France the French Republic, is a country whose territory consists of metropolitan France in Western Europe and several overseas regions and territories. The metropolitan area of France extends from the Mediterranean Sea to the English Channel and the North Sea, from the Rhine to the Atlantic Ocean, it is bordered by Belgium and Germany to the northeast and Italy to the east, Andorra and Spain to the south. The overseas territories include French Guiana in South America and several islands in the Atlantic and Indian oceans; the country's 18 integral regions span a combined area of 643,801 square kilometres and a total population of 67.3 million. France, a sovereign state, is a unitary semi-presidential republic with its capital in Paris, the country's largest city and main cultural and commercial centre. Other major urban areas include Lyon, Toulouse, Bordeaux and Nice. During the Iron Age, what is now metropolitan France was inhabited by a Celtic people. Rome annexed the area in 51 BC, holding it until the arrival of Germanic Franks in 476, who formed the Kingdom of Francia.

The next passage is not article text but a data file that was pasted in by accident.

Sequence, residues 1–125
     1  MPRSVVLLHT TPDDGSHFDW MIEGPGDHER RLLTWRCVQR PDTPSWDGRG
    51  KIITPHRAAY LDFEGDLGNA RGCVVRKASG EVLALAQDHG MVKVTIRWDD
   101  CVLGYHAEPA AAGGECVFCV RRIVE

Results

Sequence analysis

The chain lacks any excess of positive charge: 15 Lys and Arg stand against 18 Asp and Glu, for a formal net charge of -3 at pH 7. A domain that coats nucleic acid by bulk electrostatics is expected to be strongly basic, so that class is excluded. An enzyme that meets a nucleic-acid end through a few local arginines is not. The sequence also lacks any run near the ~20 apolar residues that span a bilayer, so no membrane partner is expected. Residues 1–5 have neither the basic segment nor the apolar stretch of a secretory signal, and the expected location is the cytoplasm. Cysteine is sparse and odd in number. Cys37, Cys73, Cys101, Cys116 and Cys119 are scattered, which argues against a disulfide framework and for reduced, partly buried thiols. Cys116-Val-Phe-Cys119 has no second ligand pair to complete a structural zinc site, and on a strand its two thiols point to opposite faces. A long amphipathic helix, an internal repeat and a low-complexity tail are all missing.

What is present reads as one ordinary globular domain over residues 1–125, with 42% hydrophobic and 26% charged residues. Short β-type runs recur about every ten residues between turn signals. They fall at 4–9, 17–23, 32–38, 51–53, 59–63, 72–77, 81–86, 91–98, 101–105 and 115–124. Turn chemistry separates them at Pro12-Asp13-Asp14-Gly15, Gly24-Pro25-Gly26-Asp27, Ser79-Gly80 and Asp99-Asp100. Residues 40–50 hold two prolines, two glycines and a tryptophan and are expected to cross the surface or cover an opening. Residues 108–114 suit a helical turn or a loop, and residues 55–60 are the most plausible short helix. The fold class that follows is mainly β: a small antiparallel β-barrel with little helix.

The Treaty of Verdun of 843 partitioned Francia into Middle Francia and West Francia. West Francia which became the Kingdom of France in 987 emerged as a major European power in the Late Middle Ages following its victory in the Hundred Years' War. During the Renaissance, French culture flourished and a global colonial empire was established, which by the 20th century would become the second largest in the world; the 16th century was dominated by religious civil wars between Protestants. France became Europe's dominant cultural and military power in the 17th century under Louis XIV. In the late 18th century, the French Revolution overthrew the absolute monarchy, established one of modern history's earliest republics, saw the drafting of the Declaration of the Rights of Man and of the Citizen, which expresses the nation's ideals to this day. In the 19th century, Napoleon established the First French Empire, his subsequent Napoleonic Wars shaped the course of continental Europe. Following the collapse of the Empire, France endured a tumultuous succession of governments culminating with the establishment of the French Third Republic in 1870.